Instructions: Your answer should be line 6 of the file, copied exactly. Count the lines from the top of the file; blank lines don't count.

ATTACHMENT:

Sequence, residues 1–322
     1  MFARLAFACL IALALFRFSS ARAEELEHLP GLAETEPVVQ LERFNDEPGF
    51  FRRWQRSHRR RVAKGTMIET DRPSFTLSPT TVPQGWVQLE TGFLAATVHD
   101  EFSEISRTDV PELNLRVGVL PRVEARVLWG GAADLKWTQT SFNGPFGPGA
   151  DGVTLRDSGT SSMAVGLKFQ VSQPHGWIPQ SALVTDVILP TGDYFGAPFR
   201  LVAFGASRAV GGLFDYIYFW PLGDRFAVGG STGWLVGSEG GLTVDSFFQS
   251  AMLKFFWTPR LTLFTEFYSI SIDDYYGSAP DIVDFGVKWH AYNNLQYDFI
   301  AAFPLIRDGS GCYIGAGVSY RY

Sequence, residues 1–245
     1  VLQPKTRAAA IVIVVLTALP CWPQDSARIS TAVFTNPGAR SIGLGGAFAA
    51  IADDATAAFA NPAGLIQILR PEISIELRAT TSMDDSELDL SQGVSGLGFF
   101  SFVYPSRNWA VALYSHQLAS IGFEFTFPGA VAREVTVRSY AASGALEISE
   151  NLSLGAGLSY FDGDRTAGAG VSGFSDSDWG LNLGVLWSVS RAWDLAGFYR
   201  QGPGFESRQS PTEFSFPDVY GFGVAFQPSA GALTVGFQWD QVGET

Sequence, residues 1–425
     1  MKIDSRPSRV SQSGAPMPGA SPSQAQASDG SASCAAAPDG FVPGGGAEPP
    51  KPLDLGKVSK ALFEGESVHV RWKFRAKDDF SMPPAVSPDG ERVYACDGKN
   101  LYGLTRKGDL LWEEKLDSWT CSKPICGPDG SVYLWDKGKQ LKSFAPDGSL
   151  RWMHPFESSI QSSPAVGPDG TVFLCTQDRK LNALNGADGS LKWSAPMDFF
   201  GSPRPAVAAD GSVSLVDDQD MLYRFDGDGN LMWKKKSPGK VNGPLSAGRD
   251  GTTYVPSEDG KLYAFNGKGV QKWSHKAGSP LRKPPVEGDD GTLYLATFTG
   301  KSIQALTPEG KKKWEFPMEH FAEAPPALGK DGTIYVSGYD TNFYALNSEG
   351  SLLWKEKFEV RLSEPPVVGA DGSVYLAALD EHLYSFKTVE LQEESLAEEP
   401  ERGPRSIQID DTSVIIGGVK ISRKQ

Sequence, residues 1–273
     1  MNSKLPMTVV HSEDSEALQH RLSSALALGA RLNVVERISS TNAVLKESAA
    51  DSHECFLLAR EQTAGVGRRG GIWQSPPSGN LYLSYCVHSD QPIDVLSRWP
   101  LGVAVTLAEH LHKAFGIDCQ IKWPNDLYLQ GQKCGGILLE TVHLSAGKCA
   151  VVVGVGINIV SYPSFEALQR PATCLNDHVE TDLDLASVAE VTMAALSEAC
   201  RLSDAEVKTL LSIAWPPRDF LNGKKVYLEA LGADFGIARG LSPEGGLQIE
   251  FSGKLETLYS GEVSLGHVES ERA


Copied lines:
   201  LVAFGASRAV GGLFDYIYFW PLGDRFAVGG STGWLVGSEG GLTVDSFFQS